What are the symptoms of Venous Reflux Disease?

Varicose veins

Restless legs

Heaviness and fatigue

Leg or ankle swelling

Pain, aching or cramping

Skin changes


How is Venous Reflux diagnosed? Diagnosing venous reflux disease begins with a medical history and physical examination. During the physical exam, our vascular specialists will carefully examine your legs. An Ankle Brachial Index (ABI) may be ordered. An ABI, is a simple test that compares the blood pressure in your ankle with the blood pressure in your wrist. A test called a venous or duplex ultrasound may be performed to examine the blood circulation in your legs.


How is Venous Reflux Disease Treated? Endvenous Ablation is a minimally invasive procedure that treats varicose veins and their underlying cause, venous reflux, with little or no pain and is performed on an outpatient basis using a local anesthetic. Patients who undergo this procedure typically resume normal activity within a day.


Varithena is an FDA approved micro-foam medication used to treat varicose veins. Varithena is injected into damaged veins under the guidance of ultrasound technology, where the foam expands to collapse and seal the faulty vessels so that blood flow can be rerouted to nearby healthy functioning veins.

What is PAD (Peripheral Arterial Disease)? Also known as PVD (Peripheral Vascular Disease)


Do you have trouble walking because of pain in your legs? It might not be old age, it could be PAD. Peripheral Arterial Disease or PAD, affects up to 12 million Americans, but many do not even know they have the disease. PAD occurs when arteries in the legs become clogged with fatty deposits called plaque. If left untreated, PAD may lead to poor quality of life, heart attack, stroke or even amputation of your limb(s).


The most common signs of PAD include one or more of these problems:

1. Cramps, tiredness, or pain in your legs, thighs or buttocks that occurs when you walk but goes away when you rest 

2. Foot or toe pain at rest that often disturbs your sleep

3. Skin wounds or ulcers on your feet or toes that are slow to heal (or that do not heal for 8-12 weeks)


Risk factors for PAD:

·Smoking or a history of smoking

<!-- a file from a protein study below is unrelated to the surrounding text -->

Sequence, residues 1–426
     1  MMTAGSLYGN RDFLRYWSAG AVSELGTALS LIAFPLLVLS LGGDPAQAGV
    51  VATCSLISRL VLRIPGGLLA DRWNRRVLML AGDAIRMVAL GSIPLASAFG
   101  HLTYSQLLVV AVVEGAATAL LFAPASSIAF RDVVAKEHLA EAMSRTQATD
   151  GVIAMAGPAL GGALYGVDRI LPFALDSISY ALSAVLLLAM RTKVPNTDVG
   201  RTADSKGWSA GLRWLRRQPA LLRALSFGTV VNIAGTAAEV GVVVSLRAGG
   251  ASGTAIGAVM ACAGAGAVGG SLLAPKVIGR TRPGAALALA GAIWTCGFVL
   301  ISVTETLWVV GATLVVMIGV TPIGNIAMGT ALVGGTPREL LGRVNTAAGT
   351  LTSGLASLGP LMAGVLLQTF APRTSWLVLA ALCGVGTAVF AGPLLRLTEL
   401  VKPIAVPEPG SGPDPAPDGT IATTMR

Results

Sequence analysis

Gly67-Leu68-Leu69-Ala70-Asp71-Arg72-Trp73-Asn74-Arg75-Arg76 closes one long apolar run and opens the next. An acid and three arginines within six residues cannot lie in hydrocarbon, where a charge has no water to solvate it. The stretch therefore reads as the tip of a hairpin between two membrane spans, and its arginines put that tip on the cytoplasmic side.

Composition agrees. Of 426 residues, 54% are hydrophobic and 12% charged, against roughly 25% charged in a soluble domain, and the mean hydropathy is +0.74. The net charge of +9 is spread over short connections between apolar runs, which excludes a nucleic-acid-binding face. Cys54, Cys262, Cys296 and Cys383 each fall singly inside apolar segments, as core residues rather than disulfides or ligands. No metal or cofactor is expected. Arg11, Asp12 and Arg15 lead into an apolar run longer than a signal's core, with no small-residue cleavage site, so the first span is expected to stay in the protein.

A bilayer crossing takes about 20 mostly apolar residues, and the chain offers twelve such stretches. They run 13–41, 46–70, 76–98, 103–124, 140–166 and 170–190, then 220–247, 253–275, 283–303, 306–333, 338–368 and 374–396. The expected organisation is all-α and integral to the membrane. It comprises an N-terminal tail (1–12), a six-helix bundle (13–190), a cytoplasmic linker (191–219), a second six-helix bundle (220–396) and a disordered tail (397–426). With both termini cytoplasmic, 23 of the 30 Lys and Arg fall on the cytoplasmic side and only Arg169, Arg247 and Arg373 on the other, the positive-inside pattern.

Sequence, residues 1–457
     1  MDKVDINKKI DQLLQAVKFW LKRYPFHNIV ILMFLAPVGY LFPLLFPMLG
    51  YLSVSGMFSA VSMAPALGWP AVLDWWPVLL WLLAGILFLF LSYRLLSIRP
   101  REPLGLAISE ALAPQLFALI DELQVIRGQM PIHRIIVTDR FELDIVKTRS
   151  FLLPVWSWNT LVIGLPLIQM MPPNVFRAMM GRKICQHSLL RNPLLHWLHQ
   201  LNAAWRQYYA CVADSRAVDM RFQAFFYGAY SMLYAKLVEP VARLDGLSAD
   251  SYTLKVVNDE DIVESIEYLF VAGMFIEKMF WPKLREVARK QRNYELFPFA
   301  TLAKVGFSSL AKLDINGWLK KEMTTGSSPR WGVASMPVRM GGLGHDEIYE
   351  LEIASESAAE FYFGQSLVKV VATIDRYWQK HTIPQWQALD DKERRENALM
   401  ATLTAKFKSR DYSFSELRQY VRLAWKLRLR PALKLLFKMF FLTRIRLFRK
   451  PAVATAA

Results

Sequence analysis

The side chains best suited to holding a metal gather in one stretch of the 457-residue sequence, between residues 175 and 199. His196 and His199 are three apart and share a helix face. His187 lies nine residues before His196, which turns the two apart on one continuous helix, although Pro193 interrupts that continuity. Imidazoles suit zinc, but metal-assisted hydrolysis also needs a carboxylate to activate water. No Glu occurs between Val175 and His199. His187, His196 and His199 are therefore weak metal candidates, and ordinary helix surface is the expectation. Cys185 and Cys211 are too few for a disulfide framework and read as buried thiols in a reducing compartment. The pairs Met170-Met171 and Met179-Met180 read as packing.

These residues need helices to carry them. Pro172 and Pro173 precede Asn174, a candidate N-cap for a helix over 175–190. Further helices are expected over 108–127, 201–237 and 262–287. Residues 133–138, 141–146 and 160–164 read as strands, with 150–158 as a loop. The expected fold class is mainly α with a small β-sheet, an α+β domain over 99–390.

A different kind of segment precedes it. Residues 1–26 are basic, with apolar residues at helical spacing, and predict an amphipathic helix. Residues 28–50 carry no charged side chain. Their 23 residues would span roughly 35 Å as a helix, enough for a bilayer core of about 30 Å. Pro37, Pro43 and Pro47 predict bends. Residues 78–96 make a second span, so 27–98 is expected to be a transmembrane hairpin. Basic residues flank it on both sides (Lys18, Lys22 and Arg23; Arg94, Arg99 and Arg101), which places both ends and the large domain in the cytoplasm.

·High Cholesterol

·High Blood Pressure

·Obesity (Body Mass Index over 30)

·Diabetes or uncontrolled high blood sugar

·A Family History of PAD

·Over the age of 50


How is PAD diagnosed?

Diagnosing PAD begins with a medical history and a physical exam. Our Vascular Specialists use a simple test called the ABI (Ankle Brachial Index). After that, other tests may be done, including:

  • Doppler and Duplex Ultrasound Imaging

  • CT Angiogram

  • Catheter-based Angiogram


How is PAD Treated?

Most people with PAD are treated with lifestyle changes, medicines or both. In some instances, treatment may require non-surgical, minimally invasive procedures


Lifestyle changes that lower your risk include:

  • Stop Smoking

  • Controlling Blood Pressure

  • Controlling Diabetes

  • Physical Activity or Exercise

  • A low-fat, low cholesterol diet

  • Use of compression stockings


PAD may require medications, including:

  • Medicines to help improve walking distance

  • Statins to lower blood cholesterol

  • Anti-platelet agents to keep the blood platelets from sticking together and triggering a blood clot.

Angioplasty is a non-surgical procedure that widens narrowed or blocked arteries. A catheter with a deflated balloon on its tip is passed into the narrowed artery segment. Then the balloon is inflated. This pushes open the narrowed segment. Often a stent—a wire mesh tube—is placed in the narrowed artery with a catheter. The stent expands and locks open, keeping the diseased artery open.  

Atherectomy is a minimally invasive procedure to remove plaque from an artery (blood vessel). In an atherectomy, the plaque is shaved or vaporized away with tiny rotating blades or a laser on the end of a catheter (a thin, flexible tube). This procedure is used to treat peripheral artery disease and coronary artery disease.